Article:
I'd love to start a movement to pressure the pattern companies to bring this size class back for us!
Other than that, if I can't learn on my own to alter patterns, my fall back is to have a dressmaker develop a set of basic skirt and bodice patterns for me. My younger sister has the opposite problem: 4'10" and less than 100 lb. Absolutely everything she buys (size 00 or whatever) must be taken in by the tailor. I'm sure there are some garments that just cannot be taken in and look good!
Courage girls! There must be an answer for us!
ArtsySharon is very observant about seeking grants -- I think this works in the USA too (our tax dollars misspent!).
I truly believe that dark colors make objects appears smaller and like user1123429 I use mostly dark colors on my big bottom. However, I won't use stripes of ANY kind - not vertical, nor horizontal, nor diagonal. Any kind of stripe only accentuates my rounded figure in a way I find unappealing. I learned long ago that curvy women should stay away from pinstripes!
I'm with Sandysewin -- who can think of fall clothes in July?
I did glance at the envelope backs of both 1784 and the Cynthia Rowley pattern. Am I seeing a trend? In both there are no lengths for the tops/jacket. That's something I'd really like to see and I think it is usually included in a jacket or top pattern. Perhaps they didn't have the space on the envelope?
I'm still working on the muslin for a summer dress - my first project this summer.
Thanks for the super-clear instructions. You mention that the hot knife will result in non-fraying seam allowances. Do you also get that benefit on fabrics other than lame, such as chiffon or organza?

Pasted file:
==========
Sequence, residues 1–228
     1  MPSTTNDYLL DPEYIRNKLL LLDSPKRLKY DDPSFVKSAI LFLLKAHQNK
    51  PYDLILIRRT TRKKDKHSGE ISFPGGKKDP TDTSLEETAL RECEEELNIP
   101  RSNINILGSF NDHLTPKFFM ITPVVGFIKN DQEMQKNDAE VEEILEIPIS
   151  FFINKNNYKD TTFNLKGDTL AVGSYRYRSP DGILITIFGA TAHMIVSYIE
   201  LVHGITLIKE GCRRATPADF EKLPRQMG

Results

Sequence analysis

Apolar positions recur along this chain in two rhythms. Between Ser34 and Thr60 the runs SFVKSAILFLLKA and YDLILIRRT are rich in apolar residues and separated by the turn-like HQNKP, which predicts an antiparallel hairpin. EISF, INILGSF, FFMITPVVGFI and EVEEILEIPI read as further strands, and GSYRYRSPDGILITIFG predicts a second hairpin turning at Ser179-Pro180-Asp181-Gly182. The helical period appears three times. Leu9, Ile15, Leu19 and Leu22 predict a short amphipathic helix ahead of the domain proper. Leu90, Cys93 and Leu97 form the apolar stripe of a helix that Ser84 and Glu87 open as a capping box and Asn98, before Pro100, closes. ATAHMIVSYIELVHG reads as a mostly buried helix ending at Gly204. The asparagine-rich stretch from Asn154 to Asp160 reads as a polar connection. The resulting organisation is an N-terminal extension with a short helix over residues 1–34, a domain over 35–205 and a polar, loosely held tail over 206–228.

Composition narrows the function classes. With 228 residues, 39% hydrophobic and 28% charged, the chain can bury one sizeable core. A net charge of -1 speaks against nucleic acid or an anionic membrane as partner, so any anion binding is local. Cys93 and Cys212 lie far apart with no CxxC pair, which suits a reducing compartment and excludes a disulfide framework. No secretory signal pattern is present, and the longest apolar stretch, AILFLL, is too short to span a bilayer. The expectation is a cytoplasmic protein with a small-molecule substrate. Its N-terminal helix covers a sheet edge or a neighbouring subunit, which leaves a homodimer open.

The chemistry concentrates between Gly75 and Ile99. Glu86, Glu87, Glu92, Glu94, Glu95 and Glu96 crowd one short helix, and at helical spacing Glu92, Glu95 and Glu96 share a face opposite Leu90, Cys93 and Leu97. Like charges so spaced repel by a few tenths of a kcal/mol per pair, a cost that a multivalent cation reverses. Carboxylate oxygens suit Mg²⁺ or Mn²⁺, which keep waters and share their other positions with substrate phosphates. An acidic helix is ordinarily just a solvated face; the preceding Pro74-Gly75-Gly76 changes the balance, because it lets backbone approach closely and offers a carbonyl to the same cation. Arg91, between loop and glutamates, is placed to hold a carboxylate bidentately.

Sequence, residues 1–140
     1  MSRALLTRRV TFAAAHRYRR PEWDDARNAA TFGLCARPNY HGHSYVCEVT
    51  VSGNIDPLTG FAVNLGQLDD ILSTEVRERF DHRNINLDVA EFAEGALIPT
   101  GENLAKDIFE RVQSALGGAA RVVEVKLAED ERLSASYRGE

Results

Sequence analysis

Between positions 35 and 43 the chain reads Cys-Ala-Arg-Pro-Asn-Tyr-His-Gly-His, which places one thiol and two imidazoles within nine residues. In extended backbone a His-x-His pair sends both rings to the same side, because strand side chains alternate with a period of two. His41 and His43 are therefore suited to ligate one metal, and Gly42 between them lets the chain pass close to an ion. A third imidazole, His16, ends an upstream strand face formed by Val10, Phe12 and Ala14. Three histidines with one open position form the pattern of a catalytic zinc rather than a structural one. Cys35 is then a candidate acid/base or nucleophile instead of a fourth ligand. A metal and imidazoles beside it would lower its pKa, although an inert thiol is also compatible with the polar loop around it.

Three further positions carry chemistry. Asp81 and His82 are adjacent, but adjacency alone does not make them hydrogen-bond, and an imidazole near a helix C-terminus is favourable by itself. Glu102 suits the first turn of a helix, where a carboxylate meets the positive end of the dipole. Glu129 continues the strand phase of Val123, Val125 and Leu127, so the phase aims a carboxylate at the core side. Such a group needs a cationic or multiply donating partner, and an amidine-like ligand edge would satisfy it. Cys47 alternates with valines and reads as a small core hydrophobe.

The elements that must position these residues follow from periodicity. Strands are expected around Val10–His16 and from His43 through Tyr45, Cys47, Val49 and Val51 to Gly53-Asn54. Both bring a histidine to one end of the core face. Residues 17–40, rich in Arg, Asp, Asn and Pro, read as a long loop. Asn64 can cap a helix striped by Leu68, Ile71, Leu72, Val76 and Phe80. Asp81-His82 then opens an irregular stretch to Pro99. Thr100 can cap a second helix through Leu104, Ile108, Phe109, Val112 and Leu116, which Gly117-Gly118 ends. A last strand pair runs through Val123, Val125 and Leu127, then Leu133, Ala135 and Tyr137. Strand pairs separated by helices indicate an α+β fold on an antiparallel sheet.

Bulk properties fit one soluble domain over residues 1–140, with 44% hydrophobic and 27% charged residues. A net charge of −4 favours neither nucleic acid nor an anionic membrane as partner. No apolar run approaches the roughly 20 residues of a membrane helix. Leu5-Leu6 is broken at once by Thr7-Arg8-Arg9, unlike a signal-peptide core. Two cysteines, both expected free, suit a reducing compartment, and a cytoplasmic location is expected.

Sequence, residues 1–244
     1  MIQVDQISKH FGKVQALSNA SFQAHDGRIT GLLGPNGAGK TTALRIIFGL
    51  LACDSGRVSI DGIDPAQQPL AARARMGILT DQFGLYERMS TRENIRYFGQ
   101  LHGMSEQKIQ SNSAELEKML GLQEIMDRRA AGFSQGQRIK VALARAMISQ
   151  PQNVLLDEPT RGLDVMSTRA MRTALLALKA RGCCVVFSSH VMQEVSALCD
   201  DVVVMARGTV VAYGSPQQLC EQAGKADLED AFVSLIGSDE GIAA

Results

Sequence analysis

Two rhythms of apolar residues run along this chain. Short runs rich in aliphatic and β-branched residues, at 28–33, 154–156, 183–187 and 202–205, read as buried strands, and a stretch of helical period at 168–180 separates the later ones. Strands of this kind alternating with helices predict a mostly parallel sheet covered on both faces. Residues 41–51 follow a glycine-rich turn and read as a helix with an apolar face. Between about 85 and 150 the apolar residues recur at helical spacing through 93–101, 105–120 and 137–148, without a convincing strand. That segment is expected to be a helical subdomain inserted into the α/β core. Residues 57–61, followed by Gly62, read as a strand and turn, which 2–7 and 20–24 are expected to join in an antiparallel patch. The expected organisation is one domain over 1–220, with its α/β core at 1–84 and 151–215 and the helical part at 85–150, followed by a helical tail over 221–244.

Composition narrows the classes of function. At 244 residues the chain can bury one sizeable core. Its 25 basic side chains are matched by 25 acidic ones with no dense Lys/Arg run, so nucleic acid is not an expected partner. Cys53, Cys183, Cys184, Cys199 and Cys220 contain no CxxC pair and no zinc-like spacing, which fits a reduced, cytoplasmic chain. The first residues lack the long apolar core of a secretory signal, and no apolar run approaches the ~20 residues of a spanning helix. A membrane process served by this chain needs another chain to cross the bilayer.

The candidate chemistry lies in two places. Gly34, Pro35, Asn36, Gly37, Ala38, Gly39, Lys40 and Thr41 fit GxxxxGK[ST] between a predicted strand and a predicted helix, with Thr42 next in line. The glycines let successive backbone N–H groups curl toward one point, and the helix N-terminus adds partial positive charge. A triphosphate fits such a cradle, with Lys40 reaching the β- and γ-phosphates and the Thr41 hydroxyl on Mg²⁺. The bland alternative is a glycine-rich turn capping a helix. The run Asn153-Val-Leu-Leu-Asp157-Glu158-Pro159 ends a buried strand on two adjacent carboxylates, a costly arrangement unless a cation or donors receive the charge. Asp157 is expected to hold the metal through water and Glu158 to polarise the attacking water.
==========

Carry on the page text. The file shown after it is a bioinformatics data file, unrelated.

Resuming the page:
Your techniques make my sewing more fun!
Sorry, everyone, but I think I have orange overload already! Haven’t we seen this color out in ready-to-wear way too long? I’m probably a spoil sport because I don’t care for most oranges (although tangerine is probably one of the more attractive ones) and ESPECIALLY do not care for it in office apparel, which is most of what I sew.
If that’s what they’re going to try to sell this year, I’ll be working off the stash! (Finally, I can justify the stash to the hubby – HaHa! He doesn’t like orange either.)
Thanks for the beautiful memories, Kathis.
My mom knitted me a burgundy Chanel-style suit when I was a young married in the 70s.
I STILL HAVE IT – even though the skirt no longer fits. It’s a testament to my mom’s love and patience. I never had the talent for knitting but I’m very thankful that mom taught me to sew – many good memories of Christmas projects past.
No Christmas project for me this year – I’m still finishing drapes for newly-painted living room.
Part of the Taunton Home and Garden Network
Taunton Home |
Books & Videos |
Contact Us |
Product recall information
Copyright Notice |
Taunton Guarantee |
User Agreement |
About Us |
Work for Us |
Contact Us |
Press Room | Customer Service
© 2015 The Taunton Press, Inc. All rights reserved.